Ever since “Waar” came out in 2013, the evolution of Pakistan’s film audience has been interesting to watch. Proven formulas of the past have fallen flat and new ones have emerged. What’s more, is that the Pakistani audience has shown itself to be uncompromising when it comes to technical standards.
Internet access and a more than decade long diet of Hindi and Hollywood cinema have exposed them to new standards of art direction, cinematography, special effects, action choreography and even more subtle shades of acting. While most can’t articulate exactly what all this maybe when it’s on screen, it’s unmistakable.
Two Pakistani releases of this year that have scored big at the box office despite being bludgeoned with bad reviews have been the Mikaal Zulfiqar starrer “Sher Dil” and the Mehwish Hayat starrer “Chhalawa”. No matter what the reviews said, it seems that audiences were satisfied with the overall quality of the films and rushed to the cinemas to watch both.
Similarly, this Eid Ul Azha, “Parey Hut Love” and “Superstar” have done fairly good at the box office. Neither of them has featured innovative plots, but their technical finesse and stunning cinematography have worked in their favor.
However, it’s not entertainers, romantic dramas, or patriotic films that seem to drive audiences, since both genres have seen their share of flops in Pakistan. It seems as if their overall vibe and finesse have played a bigger role in their success. And while the age old idiom, “There’s no accounting for taste”, still holds true, here’s a look at how the Pakistani Cinema audience has changed throughout the new wave.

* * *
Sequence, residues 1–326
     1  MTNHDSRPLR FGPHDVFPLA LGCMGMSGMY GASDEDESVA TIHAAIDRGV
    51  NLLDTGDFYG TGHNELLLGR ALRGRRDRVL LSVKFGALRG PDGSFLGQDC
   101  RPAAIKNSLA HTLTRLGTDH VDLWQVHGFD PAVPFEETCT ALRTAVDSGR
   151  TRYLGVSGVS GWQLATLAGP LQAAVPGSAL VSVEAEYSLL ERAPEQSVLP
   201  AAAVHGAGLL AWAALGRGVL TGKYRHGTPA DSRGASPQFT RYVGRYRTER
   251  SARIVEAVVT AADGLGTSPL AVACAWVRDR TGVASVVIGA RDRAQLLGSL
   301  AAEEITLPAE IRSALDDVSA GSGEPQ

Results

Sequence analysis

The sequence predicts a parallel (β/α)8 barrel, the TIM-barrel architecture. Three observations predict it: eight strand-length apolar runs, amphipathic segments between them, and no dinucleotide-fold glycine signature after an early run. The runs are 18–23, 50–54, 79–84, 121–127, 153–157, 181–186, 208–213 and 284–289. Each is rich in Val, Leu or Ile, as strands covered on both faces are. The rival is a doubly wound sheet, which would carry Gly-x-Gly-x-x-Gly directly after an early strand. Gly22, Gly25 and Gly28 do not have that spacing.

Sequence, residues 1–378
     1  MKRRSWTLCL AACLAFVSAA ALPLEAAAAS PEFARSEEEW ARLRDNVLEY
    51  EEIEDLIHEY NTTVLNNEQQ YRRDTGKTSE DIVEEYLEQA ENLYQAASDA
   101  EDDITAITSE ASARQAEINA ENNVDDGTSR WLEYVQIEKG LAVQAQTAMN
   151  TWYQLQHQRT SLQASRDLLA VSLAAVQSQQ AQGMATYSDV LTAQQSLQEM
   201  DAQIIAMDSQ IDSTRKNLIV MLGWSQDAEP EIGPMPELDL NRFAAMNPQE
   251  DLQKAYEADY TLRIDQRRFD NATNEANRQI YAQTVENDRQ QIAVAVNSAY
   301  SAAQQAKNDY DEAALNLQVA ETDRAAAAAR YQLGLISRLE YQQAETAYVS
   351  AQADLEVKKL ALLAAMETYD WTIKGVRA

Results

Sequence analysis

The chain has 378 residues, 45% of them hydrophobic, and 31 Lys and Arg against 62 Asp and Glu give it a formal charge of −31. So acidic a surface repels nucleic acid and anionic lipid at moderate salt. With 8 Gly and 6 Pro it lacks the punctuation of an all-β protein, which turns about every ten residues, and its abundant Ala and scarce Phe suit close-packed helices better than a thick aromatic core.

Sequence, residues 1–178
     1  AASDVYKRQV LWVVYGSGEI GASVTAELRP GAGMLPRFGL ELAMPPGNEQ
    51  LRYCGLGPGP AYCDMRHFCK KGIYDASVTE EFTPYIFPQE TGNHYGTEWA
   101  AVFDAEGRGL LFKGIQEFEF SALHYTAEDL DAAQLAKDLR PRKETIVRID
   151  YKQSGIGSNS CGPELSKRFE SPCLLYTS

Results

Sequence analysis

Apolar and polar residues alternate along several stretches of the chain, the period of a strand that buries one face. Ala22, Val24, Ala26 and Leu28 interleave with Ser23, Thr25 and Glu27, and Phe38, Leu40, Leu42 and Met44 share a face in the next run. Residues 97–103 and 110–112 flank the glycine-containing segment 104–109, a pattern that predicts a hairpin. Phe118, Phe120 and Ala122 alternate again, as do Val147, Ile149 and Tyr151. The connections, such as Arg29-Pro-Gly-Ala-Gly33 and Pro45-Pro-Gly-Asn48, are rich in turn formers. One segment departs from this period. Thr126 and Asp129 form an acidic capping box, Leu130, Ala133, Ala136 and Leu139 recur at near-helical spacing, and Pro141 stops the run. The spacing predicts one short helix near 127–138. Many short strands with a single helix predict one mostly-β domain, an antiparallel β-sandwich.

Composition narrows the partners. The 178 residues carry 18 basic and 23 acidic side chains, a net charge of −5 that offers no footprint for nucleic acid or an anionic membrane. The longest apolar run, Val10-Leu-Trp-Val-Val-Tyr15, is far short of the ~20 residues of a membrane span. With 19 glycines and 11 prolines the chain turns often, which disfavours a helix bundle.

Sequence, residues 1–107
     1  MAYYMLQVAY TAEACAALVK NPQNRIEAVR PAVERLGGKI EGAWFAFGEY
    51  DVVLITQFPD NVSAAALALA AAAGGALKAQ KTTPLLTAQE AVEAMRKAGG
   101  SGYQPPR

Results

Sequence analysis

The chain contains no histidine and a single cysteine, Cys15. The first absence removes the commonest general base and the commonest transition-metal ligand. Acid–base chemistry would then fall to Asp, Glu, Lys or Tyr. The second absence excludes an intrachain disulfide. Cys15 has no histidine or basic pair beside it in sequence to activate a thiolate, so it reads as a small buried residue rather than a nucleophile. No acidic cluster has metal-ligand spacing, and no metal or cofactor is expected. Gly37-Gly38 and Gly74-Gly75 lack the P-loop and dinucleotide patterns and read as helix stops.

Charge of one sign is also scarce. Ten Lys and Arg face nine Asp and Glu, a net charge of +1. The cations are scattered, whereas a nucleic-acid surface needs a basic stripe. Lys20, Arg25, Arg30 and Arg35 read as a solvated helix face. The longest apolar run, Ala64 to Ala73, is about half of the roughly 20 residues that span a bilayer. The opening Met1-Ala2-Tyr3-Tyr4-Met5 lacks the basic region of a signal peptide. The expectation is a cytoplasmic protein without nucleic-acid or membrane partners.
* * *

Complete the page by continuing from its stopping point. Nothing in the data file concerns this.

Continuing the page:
2013-The Revival Begins with ‘Waar’
2013 was the year that Pakistani Cinema finally started up again. “Bol” and “Khuda Ka Liye” might had set the stage, but “Waar” was the firecracker that set the country ablaze. It was called the ‘Unstoppable Movie’. It cashed in on popular sentiment, patriotism, and the star power of Shaan Shahid to deliver more than 20 Cr at the local box office.
Its success was surrounded by the release of a few small films like “Zinda Bhaag” and of a few larger films like “Main Hoon Shahid Afridi”. The film’s main contribution however, was that it renewed hope in a film industry that had been lying dormant for decades.
2014-The Script is Flipped
After “Waar”, there seemed to be a flurry of news about the revival of cinema. New deals were being struck, new studios were being formed, and old ones reopened. However, 2014 was relatively quiet. A few films like “The System” and “Dukhtar” came and went, without making a mark…until Eid ul Azha.
Nabeel Qureshi’s “Na Maloom Afraad”, and Jami’s “Operation 021” competed for screens. However, while the latter, with a spy themed plot and Shaan in the lead role, seemed like the natural winner, “Na Maloom Afraad” obliterated it.